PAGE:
Food banks need to pack food that is donated into boxes, vacuum sealed bags, and other compartments. However, this can be a time-consuming task, and food pantries will often set aside days where dozens of people work in assembly line groups, package the food, and then organize it for easy shipment to shelters or satellite pantries.

    Food banks are always in need of help following major national disasters or in preparation for the winter season, where more people tend to be in need of more resources. If you want to help, then get started by finding a local food bank online at AmpleHarvest.org.

    This won’t only be a good reminder of how much work is done all year just to get volunteered food in front of those who need it, but it can also empower your employees to be more productive, giving, and positive people.

    Soup Kitchens

    Once that donated food has been processed, packaged, and delivered to its destination, it still needs to be prepared. Soup kitchens are where volunteers can put their kitchen skills to the test.

    When you’re cooking food for the masses, it all comes down to timing, as you need to map out the process with precision and organization in order to make sure the right people get the right food at the right time. This is where your team can really flex their cooperative skills, as even after the first couple of hours of preparation, you’ll still get the opportunity to serve that food to the grateful masses.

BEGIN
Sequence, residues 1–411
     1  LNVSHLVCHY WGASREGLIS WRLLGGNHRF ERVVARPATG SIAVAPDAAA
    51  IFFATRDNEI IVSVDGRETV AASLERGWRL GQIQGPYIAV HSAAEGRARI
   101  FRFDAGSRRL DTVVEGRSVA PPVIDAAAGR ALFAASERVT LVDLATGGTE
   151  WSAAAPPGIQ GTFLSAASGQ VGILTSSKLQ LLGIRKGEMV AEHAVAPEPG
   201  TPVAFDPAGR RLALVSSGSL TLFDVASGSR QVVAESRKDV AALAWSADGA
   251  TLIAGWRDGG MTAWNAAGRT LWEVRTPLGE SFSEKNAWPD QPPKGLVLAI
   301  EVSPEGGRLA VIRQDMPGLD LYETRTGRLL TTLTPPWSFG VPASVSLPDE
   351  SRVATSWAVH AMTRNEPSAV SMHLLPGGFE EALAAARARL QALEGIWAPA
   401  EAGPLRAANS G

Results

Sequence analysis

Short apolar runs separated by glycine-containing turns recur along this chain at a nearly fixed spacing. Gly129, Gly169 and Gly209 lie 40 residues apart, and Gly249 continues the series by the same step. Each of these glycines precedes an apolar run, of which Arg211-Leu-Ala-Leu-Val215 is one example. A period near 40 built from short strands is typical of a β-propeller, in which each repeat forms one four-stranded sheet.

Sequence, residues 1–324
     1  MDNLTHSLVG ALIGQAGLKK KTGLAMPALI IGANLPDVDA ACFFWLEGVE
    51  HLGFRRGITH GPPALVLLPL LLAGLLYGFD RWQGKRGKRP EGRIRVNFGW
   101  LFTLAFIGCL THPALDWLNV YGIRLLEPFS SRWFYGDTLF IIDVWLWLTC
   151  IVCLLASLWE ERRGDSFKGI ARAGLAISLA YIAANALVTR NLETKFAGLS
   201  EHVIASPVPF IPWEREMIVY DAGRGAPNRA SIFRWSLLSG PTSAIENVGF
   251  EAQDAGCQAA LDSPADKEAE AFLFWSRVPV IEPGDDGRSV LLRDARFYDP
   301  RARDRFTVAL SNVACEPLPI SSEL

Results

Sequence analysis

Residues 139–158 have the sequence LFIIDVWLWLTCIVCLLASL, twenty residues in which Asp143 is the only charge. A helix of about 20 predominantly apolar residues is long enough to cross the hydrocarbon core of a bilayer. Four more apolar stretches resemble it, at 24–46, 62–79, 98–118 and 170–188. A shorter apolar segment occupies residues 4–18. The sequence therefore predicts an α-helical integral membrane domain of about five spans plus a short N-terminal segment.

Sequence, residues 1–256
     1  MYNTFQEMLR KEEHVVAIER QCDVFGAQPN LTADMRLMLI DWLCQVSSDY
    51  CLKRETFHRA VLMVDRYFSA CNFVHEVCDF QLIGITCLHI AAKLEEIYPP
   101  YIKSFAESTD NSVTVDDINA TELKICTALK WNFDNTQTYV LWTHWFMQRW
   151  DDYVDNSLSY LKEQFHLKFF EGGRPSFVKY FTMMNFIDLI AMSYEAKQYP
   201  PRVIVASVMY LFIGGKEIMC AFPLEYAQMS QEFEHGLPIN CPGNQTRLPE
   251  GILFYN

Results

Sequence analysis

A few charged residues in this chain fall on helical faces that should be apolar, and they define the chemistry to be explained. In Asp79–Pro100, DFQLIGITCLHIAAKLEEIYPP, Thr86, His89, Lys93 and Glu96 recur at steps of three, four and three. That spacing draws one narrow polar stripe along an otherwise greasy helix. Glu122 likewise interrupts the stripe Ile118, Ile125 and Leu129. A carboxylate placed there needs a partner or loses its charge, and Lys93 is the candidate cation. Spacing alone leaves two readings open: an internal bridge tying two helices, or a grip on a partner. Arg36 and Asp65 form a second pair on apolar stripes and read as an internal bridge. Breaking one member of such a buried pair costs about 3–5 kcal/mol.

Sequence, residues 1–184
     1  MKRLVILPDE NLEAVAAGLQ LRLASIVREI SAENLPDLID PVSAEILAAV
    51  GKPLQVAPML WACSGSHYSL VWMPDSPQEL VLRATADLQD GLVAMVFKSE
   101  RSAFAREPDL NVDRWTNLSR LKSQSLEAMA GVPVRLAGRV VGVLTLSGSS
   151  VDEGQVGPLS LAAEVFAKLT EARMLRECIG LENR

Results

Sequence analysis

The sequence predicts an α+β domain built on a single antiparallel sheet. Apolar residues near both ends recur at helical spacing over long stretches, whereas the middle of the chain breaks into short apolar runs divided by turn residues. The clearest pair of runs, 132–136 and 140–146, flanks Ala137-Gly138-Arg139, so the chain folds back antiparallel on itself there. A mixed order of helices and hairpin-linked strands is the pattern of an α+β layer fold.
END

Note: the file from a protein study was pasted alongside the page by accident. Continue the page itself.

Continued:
You and your coworkers will bond over their shared work and accomplishments, but more importantly, seeing the reaction people have to the food you’ve prepared for them is often reason enough to give back to those in need.

    Below are a couple resources to help connect you to your community kitchens:

    • HomelessShelterDirectory.org will help you find a list of soup kitchens, food pantries, and food banks near you.

    • Feeding America is another resource for finding local food banks in your area, and they secure and distribute more than 3 billion meals throughout the U.S. each year.